The childcare situation in South Dakota has been described as a crisis by a host of authorities across the state, and while there have been efforts to address it, many feel that the issue hasn’t been taken seriously. Gov. Kristi Noem pushed to use federal dollars for child care spending during the last legislative session. In Sioux Falls, a group of childcare advocates is working to identify potential solutions, many of which we plan to explore in our South Dakota Searchlight coverage.
Sioux Falls Mayor Paul Tenhaken likes to frame the issue in terms of a workforce crisis. If you can’t afford childcare, basically, you’re not going to work. That’s an issue in a city with a labor shortage that’s driving up wages to attract workers but struggles with the same inflationary pressures as the rest of the country.
Child care prices are higher. Gas prices are higher. Housing costs are rising. Health care costs have been more than many can afford for decades, which is almost certainly a major factor in South Dakota’s vote to expand Medicaid on Election Day.
The opportunity to write and share stories about the government policies that affect people in those situations is one of the reasons I chose this profession. If it’s hard to find child care or work that pays well enough to get it, it’s even harder to keep track of the decisions made by elected officials that might make it easier (or harder) to deal with such problems.
Decisions like where to put $200 million to encourage the construction of affordable housing in rural South Dakota, where to invest in rural broadband to boost business prospects or how to keep rural emergency medical services afloat.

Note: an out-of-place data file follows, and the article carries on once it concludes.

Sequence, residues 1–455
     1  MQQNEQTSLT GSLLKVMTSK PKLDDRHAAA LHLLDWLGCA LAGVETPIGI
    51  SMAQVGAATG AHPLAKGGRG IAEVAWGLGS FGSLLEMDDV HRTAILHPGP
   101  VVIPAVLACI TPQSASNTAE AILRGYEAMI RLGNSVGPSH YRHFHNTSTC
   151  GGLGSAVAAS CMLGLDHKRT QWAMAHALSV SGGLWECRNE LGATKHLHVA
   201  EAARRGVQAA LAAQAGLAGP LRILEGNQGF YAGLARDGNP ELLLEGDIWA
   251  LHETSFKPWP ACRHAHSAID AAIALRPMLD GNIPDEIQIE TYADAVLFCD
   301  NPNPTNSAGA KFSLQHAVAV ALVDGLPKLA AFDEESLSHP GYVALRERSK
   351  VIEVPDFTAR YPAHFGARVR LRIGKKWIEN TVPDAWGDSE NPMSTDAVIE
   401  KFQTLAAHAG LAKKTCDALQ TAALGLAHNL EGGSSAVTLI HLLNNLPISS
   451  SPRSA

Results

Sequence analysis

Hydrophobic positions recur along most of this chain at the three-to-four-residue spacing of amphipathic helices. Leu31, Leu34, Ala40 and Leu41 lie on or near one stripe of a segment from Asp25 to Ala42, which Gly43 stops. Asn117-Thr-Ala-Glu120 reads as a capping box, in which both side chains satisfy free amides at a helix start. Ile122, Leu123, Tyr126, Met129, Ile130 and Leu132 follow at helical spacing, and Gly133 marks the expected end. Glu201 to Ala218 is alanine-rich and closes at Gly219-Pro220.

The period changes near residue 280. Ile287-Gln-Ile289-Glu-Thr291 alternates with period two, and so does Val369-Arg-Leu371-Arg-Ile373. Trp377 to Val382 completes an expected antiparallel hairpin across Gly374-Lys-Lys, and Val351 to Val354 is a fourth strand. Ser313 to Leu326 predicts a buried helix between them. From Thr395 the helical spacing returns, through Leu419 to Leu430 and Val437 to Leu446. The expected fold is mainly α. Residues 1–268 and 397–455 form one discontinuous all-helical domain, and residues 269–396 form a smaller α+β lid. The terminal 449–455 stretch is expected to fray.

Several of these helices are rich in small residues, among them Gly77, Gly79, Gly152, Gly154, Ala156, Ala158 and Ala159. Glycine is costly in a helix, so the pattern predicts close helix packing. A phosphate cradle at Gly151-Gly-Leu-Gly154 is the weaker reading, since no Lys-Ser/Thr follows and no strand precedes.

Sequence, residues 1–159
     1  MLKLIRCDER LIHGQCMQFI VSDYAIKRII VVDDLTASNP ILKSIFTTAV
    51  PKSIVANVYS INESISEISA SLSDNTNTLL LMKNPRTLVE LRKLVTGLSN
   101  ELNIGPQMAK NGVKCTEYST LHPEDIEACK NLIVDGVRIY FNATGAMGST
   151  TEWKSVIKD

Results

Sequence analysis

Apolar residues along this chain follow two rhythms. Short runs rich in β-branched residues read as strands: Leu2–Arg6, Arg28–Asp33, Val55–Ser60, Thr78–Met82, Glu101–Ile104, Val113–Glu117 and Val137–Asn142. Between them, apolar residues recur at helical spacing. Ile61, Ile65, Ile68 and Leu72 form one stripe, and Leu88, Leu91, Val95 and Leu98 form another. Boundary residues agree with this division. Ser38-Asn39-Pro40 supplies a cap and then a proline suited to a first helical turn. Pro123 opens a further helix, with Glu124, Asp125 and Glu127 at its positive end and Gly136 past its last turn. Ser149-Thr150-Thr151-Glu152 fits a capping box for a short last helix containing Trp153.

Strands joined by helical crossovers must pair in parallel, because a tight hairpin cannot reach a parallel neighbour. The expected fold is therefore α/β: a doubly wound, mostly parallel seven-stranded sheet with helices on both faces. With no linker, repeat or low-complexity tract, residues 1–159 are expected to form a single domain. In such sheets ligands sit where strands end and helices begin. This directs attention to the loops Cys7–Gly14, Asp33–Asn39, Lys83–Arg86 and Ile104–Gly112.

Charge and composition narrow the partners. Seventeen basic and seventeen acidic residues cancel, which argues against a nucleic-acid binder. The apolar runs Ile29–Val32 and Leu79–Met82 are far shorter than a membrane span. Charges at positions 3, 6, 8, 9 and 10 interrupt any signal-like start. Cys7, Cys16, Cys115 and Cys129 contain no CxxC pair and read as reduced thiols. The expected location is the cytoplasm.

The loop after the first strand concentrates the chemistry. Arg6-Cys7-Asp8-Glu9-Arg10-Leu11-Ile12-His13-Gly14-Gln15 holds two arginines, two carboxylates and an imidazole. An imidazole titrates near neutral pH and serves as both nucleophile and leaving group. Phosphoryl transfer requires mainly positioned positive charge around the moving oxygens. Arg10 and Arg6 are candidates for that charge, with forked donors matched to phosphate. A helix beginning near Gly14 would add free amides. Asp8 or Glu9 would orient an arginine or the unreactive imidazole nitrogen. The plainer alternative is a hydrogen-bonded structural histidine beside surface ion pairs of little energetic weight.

Then there’s the issue of those who struggle the most: those without a permanent home.
Which brings us back to gratitude. In our house, we do our best to teach our kids how important it is to give back what we can. My wife’s side of the family will once again forego in-law gift-giving next month to donate to local charities, for example, and we tied our eldest’s allowance to a “spend, share, and save” budget scheme (the littles are too little to trust with chores just yet).
Giving Tuesday has become the focus of such efforts in recent years, and I’m sure at least a few of you intend to make donations to the local organizations that work to help those in need this year. There are more than enough to choose from.
We here at South Dakota Searchlight would be thrilled if you chose to devote a portion of your charity budget to the work of our nonprofit newsroom this year – a newsroom whose coverage is available to read on our site or to be published by any news organization at no cost.
It certainly doesn’t need to be us. My hope is that those of us who see Thanksgiving as the setup for another game of Tetris in an overstocked fridge will consider devoting the resources we can to the causes you care about most.
If those resources help those who see the turkey day rush of leftovers as a few days’ respite from questions about where their next meal will come from, you won’t hear any complaints from me.